Dust, thirst, loneliness, waiting, fatigue, life

A new chapbook by writer and editor Sean O’Toole.

Cape Town-based journalist, critic and editor Sean O’Toole has a new delightfully rich self-published chapbook titled Dust, thirst, loneliness, waiting, fatigue, life; a pretty literary gem sprinkled with whimsy and phrases that ignite one’s mind’s eye, as only his writing could. Thinking about the idea of the sample (referring to the musical metaphor here), O’Toole “samples” a variety of practitioners and thinkers in this work. On each page the reader is privy to stories from Kayes in Mali through the words of the writer and those with whom he spent his time.

SOUTH SOUTH interviewed O’Toole to find out more about his practice and the inspiration for the chapbook.

Image courtesy of Sean O’Toole

Image courtesy of Sean O’Toole

SOUTH SOUTH (SS): How do you like to describe your relationship to the creative landscape within South Africa, and elsewhere?

Sean O’Toole (SO): Felicitous. Awed. Invested. Not enough? How about inadequately qualified? I am not alone in this, I think. I have long found consolation in something the Johannesburg poet, novelist and critic Lionel Abrahams wrote of himself in relation to the community he formed part of: “I am a critic without scholarship or theory, an editor without professionalism, a publisher without organisation or capital.” Ditto.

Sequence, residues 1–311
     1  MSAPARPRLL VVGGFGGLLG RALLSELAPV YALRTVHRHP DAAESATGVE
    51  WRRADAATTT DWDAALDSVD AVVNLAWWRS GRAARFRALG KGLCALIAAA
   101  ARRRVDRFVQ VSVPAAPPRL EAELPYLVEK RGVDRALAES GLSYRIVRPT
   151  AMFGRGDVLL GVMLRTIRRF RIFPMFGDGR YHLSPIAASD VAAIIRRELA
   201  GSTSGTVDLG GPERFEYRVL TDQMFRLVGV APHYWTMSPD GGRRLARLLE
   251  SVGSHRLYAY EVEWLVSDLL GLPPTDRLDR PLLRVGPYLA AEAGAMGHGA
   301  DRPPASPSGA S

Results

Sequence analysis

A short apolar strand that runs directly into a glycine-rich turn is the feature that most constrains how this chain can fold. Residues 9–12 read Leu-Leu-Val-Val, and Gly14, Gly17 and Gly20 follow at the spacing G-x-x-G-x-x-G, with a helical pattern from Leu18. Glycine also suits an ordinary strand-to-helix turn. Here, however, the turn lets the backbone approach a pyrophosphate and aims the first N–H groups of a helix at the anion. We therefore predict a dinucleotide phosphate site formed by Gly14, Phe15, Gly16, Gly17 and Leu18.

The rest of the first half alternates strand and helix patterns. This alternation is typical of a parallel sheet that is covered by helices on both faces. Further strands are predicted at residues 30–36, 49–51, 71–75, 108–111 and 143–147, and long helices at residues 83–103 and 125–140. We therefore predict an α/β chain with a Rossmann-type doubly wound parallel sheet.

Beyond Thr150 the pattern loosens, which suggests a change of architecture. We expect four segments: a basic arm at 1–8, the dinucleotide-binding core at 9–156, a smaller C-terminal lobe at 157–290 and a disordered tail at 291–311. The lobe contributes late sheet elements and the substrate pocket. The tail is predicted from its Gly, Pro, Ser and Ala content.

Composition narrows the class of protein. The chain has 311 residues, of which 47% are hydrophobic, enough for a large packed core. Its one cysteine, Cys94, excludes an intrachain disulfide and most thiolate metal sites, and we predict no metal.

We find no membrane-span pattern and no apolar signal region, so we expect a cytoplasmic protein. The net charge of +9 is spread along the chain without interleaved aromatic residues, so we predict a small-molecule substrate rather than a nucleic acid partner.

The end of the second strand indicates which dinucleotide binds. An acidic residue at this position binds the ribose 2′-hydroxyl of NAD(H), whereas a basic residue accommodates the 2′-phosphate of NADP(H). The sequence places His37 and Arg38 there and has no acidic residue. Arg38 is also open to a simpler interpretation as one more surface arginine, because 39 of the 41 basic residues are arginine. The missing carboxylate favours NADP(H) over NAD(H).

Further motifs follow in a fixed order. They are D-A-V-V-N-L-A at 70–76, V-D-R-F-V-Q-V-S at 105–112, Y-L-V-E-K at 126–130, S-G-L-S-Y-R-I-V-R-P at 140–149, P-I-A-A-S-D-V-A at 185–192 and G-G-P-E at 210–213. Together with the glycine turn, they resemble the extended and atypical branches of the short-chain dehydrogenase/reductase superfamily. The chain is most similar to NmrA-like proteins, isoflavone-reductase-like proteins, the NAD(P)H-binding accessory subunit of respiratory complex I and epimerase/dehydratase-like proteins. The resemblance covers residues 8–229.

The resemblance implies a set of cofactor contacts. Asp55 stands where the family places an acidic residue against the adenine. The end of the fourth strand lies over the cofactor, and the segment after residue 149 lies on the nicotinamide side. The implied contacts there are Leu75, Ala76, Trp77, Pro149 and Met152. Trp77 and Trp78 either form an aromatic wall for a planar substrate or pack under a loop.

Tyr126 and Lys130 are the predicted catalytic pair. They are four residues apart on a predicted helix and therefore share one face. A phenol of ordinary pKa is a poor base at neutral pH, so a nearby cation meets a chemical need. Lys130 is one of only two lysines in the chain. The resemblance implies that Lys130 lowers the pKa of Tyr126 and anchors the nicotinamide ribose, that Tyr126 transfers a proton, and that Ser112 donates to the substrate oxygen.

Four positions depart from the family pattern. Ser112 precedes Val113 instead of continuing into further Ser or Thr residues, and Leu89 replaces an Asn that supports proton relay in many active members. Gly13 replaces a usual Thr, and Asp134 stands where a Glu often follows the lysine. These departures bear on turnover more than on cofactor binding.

SS: Could you please share the inspiration behind your new chapbook Dust, thirst, loneliness, waiting, fatigue, life?

SO: Sometime in 2006, the dearly missed art dealer Henri Vergon phoned me and asked if I’d like to accompany an Austrian film crew on a road trip through Mali. A year later, I found myself high on antimalarial medication in Kayes, a small city on the Sénégal River in western Mali. My contact, a Beninese man with an explosion of hair, told me: “Don’t make journalism, make art!” I spent my days wandering the dusty streets. I chatted with truck drivers about first kisses. I looked at uncollected photos at a local portrait studio. I followed cows from a livestock market to the abattoir. I was somehow making art, I think.

Image courtesy of Sean O’Toole

SS: What are your grounding thematic considerations in this work?

SO: I’m interested in the idea of the sample. I’m purposefully using a musical metaphor here, as opposed to plainly declaring my interest in the literary quotation. Hank Shocklee, a founding member of Public Enemy, the most up-for-it live band I’ve ever seen play in Cape Town, said of the sample, of the process of lifting riffs from someone else and using them for new purposes, that “it forces us to go backwards in history”. The title of my chapbook hopefully does that. It is a corruption of a line from Polish journalist Ryszard Kapuściński’s travel memoir The Shadow of the Sun. Kapuściński? Google Stan Douglas or Jo Ractliffe. They both sampled him in their own unique ways. Dust, etc – as I prefer to call my little book – samples, rather than merely quotes, a host of writers and doers, among them Roland Barthes, Yve-Alain Bois, Marguerite Duras, Rosalind Krauss and Ousmane Sembène. Each deserves reconsideration.

SS: How does the chapbook fit into how you have mapped out your practice?